The British government may soon be slapped with multi-million compensation claims by African countries following revelations that the colonial master underpaid more than half a million soldiers up to three times less than their white counterparts during the second world war.
A newly dug up 1945 government document from Britain’s national archives reveals that the British government paid soldiers not only on the basis their rank but the colour of their skin as well.
According to the document, whereas a white senior sergeant, for instance, took home Sh16 monthly, an African soldier of the rank was paid only Sh5.
A white corporal was paid Sh12 while an African of the same rank got only Sh4, the document shows.
Even worse, a soldier of the rank of senior sergeant under the East Africa Military Labour Service (EAMLS) would take home a paltry Sh3.50, a sergeant Sh3 and a corporal Sh2.50.
According to britsinkenya.com ,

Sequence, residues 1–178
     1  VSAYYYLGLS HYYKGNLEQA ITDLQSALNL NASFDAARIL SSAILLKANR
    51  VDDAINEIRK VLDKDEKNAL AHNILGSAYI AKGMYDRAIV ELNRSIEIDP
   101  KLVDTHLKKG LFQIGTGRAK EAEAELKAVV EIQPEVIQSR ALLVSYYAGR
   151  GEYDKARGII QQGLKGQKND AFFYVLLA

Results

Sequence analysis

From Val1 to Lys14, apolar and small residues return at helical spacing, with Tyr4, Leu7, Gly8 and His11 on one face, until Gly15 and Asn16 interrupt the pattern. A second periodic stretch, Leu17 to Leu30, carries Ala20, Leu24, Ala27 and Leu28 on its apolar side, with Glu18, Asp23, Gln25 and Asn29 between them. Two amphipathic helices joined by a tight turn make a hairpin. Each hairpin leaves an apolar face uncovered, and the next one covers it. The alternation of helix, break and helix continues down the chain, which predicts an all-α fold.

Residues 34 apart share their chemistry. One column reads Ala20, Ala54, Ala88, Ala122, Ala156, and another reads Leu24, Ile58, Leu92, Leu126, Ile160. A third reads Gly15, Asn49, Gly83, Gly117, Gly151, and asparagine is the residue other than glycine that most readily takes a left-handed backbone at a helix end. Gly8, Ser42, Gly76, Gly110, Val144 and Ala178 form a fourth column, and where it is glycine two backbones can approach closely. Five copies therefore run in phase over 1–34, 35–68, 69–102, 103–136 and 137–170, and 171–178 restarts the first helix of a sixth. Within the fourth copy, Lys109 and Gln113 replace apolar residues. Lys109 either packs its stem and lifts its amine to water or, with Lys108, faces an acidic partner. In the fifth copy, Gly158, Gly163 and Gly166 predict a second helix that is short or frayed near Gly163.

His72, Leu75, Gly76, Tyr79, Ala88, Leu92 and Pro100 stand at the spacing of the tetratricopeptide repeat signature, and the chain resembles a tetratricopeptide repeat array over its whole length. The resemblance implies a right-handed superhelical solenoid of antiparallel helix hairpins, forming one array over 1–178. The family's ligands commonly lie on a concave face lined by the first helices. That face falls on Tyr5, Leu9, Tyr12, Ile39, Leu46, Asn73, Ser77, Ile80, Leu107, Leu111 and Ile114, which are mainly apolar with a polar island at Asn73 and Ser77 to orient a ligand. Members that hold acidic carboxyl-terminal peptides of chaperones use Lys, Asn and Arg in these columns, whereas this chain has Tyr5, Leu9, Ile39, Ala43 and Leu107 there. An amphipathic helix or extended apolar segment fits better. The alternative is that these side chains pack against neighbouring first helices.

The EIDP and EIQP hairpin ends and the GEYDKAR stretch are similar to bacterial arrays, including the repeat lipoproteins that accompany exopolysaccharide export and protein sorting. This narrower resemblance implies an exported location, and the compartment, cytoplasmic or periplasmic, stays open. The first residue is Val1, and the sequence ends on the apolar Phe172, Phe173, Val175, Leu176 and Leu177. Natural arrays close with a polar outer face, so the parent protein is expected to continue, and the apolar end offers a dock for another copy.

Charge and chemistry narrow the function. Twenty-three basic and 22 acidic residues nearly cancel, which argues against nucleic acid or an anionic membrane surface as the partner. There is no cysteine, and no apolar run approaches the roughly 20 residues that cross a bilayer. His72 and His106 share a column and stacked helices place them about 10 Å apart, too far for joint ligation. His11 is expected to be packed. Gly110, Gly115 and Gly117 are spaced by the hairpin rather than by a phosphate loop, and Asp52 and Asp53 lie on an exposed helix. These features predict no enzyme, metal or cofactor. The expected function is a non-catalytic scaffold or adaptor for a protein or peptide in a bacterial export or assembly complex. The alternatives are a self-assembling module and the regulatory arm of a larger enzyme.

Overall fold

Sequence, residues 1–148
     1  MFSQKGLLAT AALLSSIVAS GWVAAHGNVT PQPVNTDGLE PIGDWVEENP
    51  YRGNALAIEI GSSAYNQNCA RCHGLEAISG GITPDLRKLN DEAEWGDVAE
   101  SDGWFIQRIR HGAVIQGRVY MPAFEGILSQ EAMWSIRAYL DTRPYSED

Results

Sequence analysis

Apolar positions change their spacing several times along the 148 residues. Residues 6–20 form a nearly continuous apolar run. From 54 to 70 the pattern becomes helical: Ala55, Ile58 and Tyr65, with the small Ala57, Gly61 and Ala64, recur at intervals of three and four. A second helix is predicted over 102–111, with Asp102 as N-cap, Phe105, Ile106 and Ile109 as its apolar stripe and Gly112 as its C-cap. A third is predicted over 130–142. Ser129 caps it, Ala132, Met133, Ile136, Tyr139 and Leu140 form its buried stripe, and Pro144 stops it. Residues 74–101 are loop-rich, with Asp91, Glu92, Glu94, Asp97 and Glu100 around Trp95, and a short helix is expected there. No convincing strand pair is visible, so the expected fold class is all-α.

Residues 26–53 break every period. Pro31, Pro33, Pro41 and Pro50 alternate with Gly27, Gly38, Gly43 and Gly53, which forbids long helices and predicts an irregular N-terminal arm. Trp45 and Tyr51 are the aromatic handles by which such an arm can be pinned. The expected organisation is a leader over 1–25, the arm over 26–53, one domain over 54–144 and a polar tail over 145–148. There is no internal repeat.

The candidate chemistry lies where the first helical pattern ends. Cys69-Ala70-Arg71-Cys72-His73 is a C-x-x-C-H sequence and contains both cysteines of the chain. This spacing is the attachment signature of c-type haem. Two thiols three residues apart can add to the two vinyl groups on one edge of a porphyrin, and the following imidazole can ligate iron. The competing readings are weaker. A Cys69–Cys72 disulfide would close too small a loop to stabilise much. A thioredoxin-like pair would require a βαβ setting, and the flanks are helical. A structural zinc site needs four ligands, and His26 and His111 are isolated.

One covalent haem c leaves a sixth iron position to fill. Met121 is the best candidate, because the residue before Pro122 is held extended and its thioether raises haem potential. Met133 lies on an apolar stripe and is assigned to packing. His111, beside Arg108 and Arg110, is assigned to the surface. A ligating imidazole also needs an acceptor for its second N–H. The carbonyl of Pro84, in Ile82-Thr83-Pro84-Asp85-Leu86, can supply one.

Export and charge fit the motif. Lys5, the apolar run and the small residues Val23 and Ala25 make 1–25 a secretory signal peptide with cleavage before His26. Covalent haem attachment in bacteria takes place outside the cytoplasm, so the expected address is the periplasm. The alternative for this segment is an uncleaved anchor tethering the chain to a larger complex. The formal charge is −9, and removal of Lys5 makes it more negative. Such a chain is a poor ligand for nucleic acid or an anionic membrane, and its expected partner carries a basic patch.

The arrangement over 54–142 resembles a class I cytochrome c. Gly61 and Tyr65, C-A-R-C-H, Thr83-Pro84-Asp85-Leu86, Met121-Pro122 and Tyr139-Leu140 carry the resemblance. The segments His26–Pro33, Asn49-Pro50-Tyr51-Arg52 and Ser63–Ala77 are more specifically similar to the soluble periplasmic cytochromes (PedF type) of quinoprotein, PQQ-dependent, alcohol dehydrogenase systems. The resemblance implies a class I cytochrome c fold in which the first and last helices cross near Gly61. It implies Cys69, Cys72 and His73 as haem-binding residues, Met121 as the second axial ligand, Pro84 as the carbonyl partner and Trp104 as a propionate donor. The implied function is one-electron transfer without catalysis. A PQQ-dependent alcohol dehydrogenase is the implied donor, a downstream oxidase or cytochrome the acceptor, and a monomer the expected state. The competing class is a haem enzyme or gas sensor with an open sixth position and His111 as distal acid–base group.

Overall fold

development secretary, Penny Mordaunt, has acknowledged that inequalities existed in the past.
The site said Labour MPs are calling for a government inquiry into the matter with shadow defence minister Wayne David demanding an immediate official investigation.
The second world war broke out on September 1, 1939, when German’s Adolf Hitler invaded Poland from the west.
Two days later, France and Britain declared war on Germany, beginning World War II.
During the stretch of the war to September 1945, Britain called up more than 300,000 men from East Africa for military service, which included close to 100,000 from Kenya.
These soldiers fought in the war alongside their white counterparts, but were, clearly not treated as equals.
In June 2013, Britain paid out £19.9m (Sh2.6b) in costs and compensation to more than 5,000 elderly Kenyans who suffered torture and abuse during the Mau Mau uprising in the 1950s.
In November last year, a court in the UK dismissed two cases by over 40,000 Mau Mau fighters who were seeking Sh618 trillion in compensation for atrocities suffered during the colonial era.
The court said the case was filed too late from when the alleged atrocities were committed.